This article, “Reflections on Maurice Ravel’s Creativity,” focuses on two important aspects of the composer's career: his musical aesthetics and his creative process. Set against the vibrant Parisian musical scene from the 1890s to the1930s, we note the important lessons that Ravel absorbed at the Conservatoire--where his only formal education took place--and his personal amalgam of some aesthetic reflections of Mozart, Baudelaire, Mallarme and Poe. We are told that composers should learn their craft like painters, by imitating good models, and the composer’s objective should be a lifelong pursuit of “technical perfection. I can strive unceasingly to this end,” Ravel observes, “since I am certain of never being able to attain it. The important thing is to get nearer to it all the time.”
An examination of Ravel’s creative process reveals that the path toward technical perfection was fraught with difficulties at every stage. His initial sketches consisted of melody and figured bass--reflecting his strict academic training at the Conservatoire--and reproductions of manuscripts and sketches in the article highlight some melodic, harmonic and rhythmic problems that he encountered.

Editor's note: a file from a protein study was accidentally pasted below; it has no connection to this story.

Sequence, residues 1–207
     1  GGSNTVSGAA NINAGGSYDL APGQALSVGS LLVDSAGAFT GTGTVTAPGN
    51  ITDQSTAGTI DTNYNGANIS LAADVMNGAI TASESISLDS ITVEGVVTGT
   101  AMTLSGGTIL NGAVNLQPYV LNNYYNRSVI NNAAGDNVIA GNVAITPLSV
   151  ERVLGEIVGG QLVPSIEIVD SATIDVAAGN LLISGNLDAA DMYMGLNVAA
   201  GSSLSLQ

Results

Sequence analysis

The concluding section of this article surveys Ravel’s growing international reputation and his legacy as one of France’s most frequently performed and recorded composers. Perhaps the key to his success is the striking ability of his music to speak to laymen as well as scholars, much like his musical idol Mozart. Ravel’s home at Montfort l’Amaury is a national museum which receives many visitors from around the world. It is now some 140 years since his birth, and looking to the future, an important goal of researchers should be a scholarly edition of his complete works, similar to the one in progress for his distinguished compatriot Claude Debussy.